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Updated Thursday, November 8, 2012 at 12:27 PM

A classic Paul Hayden Kirk gets a Lane Williams update

By Rebecca Teagarden
Pacific NW associate editor

TERRI AND John are city people, really. The dozen years they spent living on Mercer Island was fine, good for the kids. But they needed a little more hustle, wanted more bustle. So they began the hunt for a house across the drink in Seattle.

They found what they thought was a pretty cool place. A 1955 Paul Hayden Kirk design in Washington Park. It was dressed, however, in an ill-fitting 2002 remodel, and they weren't quite sure.

So, before putting in an offer, the couple called the architect in charge of their Mercer Island remodel to check it out.

Lane Williams came over that very day.

"He tried to make sure we could have the footprint we wanted, to do the things we wanted," John says.

Williams gave Terri and John the all-clear. And even before closing the deal, the architect was plotting the path to opening the home, warming it and bringing in light, expanding it for a family with two kids, all while respecting the original design.

"We didn't just want to go with Lane just because we used him before," Terri says.

"We interviewed several architects, because, you know, we should. But it was hands down Lane," John says.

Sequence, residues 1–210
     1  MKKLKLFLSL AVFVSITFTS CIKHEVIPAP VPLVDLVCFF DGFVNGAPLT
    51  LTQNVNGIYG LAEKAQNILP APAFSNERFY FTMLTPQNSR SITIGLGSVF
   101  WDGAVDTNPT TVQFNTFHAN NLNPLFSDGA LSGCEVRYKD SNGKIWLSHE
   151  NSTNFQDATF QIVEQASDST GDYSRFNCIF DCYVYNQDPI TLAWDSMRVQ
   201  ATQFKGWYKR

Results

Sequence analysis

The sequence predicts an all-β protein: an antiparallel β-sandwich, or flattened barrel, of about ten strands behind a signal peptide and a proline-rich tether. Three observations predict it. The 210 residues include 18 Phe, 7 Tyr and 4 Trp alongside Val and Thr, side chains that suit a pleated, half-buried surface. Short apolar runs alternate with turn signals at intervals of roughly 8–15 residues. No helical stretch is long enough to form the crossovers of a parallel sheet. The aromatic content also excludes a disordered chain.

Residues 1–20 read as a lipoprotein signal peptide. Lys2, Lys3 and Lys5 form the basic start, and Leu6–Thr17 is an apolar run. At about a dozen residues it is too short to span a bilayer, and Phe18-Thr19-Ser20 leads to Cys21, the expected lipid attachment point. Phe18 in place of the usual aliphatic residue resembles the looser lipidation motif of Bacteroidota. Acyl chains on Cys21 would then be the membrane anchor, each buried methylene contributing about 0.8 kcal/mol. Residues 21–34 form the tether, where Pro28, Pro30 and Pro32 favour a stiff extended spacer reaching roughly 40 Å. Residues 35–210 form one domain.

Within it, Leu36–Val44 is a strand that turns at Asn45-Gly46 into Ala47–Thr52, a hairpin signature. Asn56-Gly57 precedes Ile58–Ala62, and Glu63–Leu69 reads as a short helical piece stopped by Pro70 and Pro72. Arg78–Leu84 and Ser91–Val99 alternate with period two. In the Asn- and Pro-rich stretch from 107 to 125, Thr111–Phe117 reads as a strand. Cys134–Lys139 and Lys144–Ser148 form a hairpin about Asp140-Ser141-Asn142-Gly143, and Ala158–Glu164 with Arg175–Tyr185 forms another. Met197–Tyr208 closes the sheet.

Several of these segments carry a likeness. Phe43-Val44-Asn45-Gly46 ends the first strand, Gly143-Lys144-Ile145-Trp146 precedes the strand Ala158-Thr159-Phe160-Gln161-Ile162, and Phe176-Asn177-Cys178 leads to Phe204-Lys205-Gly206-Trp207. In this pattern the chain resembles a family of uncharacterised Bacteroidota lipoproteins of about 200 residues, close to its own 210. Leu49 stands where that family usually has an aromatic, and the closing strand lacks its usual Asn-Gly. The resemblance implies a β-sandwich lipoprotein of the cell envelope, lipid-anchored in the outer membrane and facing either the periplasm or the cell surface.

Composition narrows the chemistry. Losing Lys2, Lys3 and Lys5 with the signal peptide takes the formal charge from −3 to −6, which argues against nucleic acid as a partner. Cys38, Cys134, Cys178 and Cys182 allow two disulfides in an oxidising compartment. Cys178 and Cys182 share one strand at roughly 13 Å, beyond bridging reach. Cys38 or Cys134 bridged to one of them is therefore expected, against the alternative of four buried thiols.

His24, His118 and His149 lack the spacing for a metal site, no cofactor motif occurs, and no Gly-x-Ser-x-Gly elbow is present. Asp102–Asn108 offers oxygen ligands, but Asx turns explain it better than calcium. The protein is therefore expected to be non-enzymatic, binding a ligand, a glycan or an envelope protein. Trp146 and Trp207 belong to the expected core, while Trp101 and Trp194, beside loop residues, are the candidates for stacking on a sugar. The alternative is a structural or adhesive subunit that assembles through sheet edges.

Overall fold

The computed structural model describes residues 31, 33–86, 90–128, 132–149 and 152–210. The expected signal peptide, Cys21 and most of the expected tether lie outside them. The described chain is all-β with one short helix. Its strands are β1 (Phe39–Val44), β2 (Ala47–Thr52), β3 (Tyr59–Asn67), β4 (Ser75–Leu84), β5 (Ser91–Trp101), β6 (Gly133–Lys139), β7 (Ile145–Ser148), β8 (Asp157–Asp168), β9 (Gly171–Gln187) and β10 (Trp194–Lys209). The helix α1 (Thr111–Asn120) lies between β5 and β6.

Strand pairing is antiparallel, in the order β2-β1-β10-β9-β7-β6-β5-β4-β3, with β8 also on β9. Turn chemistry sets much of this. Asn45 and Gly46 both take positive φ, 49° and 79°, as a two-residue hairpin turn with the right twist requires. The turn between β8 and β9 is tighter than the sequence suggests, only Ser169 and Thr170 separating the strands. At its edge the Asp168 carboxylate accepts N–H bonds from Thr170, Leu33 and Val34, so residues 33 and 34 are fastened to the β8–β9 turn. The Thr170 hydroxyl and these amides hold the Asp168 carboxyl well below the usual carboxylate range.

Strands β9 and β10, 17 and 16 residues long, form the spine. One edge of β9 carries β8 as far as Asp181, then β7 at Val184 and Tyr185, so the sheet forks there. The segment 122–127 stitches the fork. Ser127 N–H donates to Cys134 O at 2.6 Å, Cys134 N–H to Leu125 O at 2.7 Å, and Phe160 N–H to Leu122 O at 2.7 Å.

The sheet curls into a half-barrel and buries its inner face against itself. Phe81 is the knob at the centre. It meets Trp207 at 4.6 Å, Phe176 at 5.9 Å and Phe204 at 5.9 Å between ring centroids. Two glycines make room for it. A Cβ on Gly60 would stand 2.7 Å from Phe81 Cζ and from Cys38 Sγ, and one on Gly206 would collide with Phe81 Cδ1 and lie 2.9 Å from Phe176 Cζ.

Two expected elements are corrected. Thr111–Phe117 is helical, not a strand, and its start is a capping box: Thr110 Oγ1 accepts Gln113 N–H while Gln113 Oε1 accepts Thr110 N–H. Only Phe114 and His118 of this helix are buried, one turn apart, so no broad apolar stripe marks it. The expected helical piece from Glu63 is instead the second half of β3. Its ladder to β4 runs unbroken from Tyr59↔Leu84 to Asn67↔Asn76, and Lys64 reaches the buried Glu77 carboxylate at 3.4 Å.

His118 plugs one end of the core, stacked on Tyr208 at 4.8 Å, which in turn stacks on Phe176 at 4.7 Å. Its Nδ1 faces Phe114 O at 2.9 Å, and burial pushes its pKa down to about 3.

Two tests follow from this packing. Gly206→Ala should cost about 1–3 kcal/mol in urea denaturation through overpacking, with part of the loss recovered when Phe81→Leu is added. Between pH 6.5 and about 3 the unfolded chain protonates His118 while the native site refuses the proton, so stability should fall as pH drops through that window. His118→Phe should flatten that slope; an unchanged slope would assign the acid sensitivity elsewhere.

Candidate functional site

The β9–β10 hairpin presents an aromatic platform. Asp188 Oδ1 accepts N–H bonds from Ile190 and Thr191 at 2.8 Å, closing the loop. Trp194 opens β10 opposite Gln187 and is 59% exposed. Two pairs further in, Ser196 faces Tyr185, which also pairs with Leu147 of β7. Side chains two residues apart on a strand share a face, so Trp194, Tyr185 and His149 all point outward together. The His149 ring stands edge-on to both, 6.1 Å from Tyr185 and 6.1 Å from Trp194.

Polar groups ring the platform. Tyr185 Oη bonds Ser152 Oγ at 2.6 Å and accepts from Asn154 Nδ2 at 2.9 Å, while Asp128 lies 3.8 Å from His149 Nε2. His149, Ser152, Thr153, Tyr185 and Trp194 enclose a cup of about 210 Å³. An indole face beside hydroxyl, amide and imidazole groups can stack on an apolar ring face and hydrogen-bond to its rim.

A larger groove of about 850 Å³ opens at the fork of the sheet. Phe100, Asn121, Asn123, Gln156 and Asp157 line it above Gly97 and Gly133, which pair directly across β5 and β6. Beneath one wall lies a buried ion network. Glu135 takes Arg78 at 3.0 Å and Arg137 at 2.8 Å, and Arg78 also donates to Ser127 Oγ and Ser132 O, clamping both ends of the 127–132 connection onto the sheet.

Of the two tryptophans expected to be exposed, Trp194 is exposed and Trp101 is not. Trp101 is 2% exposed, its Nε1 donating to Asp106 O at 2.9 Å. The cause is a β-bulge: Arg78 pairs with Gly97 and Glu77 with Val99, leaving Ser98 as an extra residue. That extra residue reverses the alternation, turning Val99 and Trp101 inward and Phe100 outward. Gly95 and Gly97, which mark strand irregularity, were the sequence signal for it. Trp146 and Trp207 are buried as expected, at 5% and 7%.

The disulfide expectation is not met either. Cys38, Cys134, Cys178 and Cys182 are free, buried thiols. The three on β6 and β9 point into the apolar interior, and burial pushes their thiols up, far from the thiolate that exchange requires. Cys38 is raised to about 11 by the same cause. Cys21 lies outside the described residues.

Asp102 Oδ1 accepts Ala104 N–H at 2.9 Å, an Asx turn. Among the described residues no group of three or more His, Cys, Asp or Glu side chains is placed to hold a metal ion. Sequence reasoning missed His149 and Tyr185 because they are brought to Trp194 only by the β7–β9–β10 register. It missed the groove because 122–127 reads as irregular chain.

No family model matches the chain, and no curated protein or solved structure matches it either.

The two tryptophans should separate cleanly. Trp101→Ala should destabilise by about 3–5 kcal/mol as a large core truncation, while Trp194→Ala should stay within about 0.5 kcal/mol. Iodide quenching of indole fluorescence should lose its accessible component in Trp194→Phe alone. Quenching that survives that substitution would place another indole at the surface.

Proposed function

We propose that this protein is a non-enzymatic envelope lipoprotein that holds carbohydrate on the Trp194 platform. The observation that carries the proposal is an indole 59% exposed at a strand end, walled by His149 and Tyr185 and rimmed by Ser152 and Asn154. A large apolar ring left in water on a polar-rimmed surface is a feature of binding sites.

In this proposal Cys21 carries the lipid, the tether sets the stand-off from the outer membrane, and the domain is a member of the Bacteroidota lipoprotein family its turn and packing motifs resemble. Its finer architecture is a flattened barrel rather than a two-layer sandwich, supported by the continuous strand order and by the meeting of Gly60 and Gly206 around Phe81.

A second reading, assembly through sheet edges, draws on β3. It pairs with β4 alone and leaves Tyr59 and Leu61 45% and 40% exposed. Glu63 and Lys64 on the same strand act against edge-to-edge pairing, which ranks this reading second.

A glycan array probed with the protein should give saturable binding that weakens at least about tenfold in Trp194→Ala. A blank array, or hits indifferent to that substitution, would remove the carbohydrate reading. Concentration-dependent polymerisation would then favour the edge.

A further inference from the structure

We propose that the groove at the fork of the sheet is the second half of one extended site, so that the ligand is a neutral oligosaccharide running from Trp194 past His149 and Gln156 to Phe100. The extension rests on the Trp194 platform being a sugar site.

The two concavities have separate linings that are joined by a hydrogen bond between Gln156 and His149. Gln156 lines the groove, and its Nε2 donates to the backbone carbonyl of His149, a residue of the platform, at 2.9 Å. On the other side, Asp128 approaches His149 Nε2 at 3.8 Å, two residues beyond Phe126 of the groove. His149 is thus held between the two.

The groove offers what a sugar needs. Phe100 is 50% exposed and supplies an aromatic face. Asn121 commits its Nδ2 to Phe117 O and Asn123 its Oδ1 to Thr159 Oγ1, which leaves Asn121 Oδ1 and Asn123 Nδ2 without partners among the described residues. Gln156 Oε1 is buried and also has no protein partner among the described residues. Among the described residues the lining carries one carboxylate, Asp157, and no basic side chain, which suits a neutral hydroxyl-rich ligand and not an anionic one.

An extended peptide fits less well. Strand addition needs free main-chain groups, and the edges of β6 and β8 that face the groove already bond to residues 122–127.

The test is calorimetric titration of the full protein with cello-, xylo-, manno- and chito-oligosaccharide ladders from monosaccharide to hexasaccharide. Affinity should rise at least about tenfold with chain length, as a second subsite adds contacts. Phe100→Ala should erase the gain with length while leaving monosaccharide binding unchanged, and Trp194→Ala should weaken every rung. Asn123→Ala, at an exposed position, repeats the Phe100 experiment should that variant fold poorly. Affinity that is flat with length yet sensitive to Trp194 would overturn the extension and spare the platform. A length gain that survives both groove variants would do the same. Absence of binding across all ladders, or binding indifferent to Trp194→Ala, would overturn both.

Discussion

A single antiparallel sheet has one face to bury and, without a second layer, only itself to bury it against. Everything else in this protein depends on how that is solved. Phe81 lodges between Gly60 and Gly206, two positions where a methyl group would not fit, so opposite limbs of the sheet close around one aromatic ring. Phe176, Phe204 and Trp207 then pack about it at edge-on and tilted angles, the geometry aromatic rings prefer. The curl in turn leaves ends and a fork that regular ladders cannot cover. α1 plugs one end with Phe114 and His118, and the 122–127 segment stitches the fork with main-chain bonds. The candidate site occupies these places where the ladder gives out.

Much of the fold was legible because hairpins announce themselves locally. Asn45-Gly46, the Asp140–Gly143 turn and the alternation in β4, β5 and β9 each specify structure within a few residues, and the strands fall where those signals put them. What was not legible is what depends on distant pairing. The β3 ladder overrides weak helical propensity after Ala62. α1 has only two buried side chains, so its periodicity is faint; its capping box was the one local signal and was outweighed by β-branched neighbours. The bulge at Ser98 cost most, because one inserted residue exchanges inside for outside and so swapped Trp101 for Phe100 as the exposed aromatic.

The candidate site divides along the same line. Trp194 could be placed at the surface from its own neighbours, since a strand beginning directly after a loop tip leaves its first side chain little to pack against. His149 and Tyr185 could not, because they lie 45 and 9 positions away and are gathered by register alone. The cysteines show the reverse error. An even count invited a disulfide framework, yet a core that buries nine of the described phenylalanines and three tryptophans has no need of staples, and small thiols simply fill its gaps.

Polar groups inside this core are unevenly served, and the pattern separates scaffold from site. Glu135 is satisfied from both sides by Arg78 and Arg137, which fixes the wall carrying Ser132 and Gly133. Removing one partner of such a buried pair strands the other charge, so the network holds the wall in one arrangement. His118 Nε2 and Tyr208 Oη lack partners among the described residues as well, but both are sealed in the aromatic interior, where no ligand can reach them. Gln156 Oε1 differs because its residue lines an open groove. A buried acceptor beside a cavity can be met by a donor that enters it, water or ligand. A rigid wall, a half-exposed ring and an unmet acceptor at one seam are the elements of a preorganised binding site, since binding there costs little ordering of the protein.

"There's a really good push-pull with Lane," Terri says. "He wants to give you what you want, yet he's going to push you." Having done this before, there was also no question about the contractor, Bob Setting.

And with that it was remodel on, 15 months from purchase to settled in. A practically new home, thoroughly contemporary but made for real family living.

A new west wing allows for a family-and-friends-sized kitchen, a larger media/family room and mud room. Sliders disguised as white walls open spaces as desired. Upstairs is a large art studio for Terri, expanded kids' bedrooms and bath, a new laundry room and a master suite with an I-dare-you-to-fill-it walk-in closet.

The original slate floor downstairs was unheated, so it was replaced with concrete. Oak upstairs. Both are heated hydronically. Five large Fleetwood sliders open the kitchen and family room to a newly landscaped backyard with the kind of green, green lawn that can only be had (especially beneath an aged pine tree) with synthetic turf. The new kind; the good kind.

A piece of the front yard was reclaimed for a new courtyard, which wraps its fenced arms around a long-lived magnolia. Now the views are parklike. Glass walls, clerestories and skylights lure light. Clean, contemporary landscaping (grasses, steppingstones, garden beds in horizontally laid timbers) are by Jean Albrecht and Coop 15.

Inside, 2,200 square feet has become 3,200; all of it used every day. Dominoes are scattered across the family-room floor; a trail of socks in the kids' rooms; cast-iron skillets on the cooktop.